In his best-selling book The Checklist Manifesto, surgeon Atul Gawande makes the compelling case that the best way to ensure quality is something simple, old-fashioned, and overlooked: the checklist.
In fact, he argues, we need the checklist more than ever, because today, information is so abundant and complex, it overwhelms our ability to process. To ensure we do most jobs right—fly a plane, finish a building project, cook dinner—we need a checklist.
I’ve taken Gawande’s wisdom to heart. If he, a professor at Harvard Medical School, uses one before his surgeries, surely I can use a checklist before my sermons. Here’s how mine helps me, and some tips to start your own.
4 Ways My Sermon Checklist Helps Me
Here are four ways that my sermon checklist helps me as a preacher.
1. It ensures I don’t miss the fundamentals.
I know full well that as a preacher of the Gospel, I am here to bring “good news.” That’s Preaching 101.
But if my week is rushed, or if the lectionary text doesn’t appear, at first glance, to offer much good news, I may miss this. Yikes!
So in my pre-sermon checklist, I include:
What is the good news of this text?
How can I show God provides more supply than demand?
These questions ensure that this sermon will not neglect the promise or empowerment of God.
Your list of sermon must-haves will be your own. Ask yourself, “What is so essential in any sermon, that I don’t ever want to miss it or mute it?”
Start your checklist with that.
2. It gives the sermon balance.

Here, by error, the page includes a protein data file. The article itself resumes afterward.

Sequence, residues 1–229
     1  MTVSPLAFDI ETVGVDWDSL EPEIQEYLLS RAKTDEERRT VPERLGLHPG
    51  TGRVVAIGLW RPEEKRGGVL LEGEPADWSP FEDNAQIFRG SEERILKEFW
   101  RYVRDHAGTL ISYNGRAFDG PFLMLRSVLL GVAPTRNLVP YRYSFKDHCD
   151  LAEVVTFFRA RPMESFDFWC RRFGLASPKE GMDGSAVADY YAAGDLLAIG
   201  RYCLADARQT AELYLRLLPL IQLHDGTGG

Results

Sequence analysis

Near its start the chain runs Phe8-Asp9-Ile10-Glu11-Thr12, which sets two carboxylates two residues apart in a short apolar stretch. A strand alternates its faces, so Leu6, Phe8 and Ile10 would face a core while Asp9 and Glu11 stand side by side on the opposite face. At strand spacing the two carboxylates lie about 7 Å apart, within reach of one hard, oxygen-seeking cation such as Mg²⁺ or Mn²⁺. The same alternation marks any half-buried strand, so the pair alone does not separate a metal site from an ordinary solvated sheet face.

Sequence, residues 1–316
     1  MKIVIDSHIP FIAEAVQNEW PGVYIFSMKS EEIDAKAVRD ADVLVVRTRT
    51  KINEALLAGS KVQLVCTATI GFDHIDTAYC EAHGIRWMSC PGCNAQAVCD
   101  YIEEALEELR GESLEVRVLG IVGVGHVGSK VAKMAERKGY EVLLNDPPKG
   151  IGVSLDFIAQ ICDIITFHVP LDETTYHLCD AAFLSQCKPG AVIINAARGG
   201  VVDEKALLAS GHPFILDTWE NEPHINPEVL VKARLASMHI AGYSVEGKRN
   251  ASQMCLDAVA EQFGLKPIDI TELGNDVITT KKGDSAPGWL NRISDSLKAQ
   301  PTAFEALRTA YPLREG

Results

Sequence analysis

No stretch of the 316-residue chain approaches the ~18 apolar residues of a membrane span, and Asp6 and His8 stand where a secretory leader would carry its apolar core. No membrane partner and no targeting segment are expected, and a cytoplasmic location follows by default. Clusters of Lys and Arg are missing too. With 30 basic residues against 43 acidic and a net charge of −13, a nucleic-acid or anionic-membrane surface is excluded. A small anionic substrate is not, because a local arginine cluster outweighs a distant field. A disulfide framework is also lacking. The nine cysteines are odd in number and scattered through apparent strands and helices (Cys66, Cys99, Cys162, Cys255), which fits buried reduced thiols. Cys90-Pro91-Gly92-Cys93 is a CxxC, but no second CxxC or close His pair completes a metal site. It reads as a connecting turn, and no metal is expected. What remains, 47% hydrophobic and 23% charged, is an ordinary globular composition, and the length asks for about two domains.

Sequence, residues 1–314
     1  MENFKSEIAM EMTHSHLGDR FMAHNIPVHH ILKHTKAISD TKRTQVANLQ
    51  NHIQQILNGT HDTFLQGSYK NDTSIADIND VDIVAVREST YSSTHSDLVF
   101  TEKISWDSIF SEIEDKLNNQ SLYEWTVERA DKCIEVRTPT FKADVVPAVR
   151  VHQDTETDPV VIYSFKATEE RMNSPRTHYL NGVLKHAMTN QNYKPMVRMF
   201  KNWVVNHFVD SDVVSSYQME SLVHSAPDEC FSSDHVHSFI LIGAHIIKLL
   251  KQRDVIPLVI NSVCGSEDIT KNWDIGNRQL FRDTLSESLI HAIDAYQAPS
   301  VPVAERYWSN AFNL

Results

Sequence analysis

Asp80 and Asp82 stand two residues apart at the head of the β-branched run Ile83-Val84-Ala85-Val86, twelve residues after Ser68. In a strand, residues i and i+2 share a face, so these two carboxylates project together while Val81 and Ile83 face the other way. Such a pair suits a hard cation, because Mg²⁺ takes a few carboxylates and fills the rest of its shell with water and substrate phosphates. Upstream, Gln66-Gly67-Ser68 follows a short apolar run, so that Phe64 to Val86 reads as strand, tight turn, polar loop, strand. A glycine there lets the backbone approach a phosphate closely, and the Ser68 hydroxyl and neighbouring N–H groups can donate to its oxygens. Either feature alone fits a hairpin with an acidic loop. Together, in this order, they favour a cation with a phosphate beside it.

Some of us preachers, by nature, geek-out (Greek out?) on exegesis; others love the contemporary application.
Whatever my tendency, a sermon checklist keeps me more balanced.
For example, in my checklist, I ask:
Why did the original audience need to hear this message?
Why will people have to keep listening to me?
That way, I don’t skimp on either the ancient hearers or today’s.
3. It helps me apply the preaching-skill I’m trying to learn right now.
When I read a great book on preaching, I usually underline something in it. When I hear a great preacher, I admire the craftsmanship.
But how do I make sure I apply what I’m learning to my week-in-week-out preaching? And keep at it long enough to make that skill my own? I put it on my checklist.
For example, when I read Tim Keller’s book on preaching, I was captivated by how he speaks to the contemporary mind. So I added these questions to my preparation process:
How will my listener instinctively push back on, or not accept, this truth?
How can I show I understand and feel that concern and can even see some good in it?
I’m still unworthy to untie Keller’s Oxfords, but these questions have made my sermons better.
(To learn how to learn from gifted preachers while still remaining yourself, click here.)
4. It gets my heart right.
As we all know, a brilliantly crafted sermon can be smudged by the soot in my heart. I need to prepare not just my sermon, but my self.
So I’ve added to my checklist
Based on this text, how do I want to pray to God?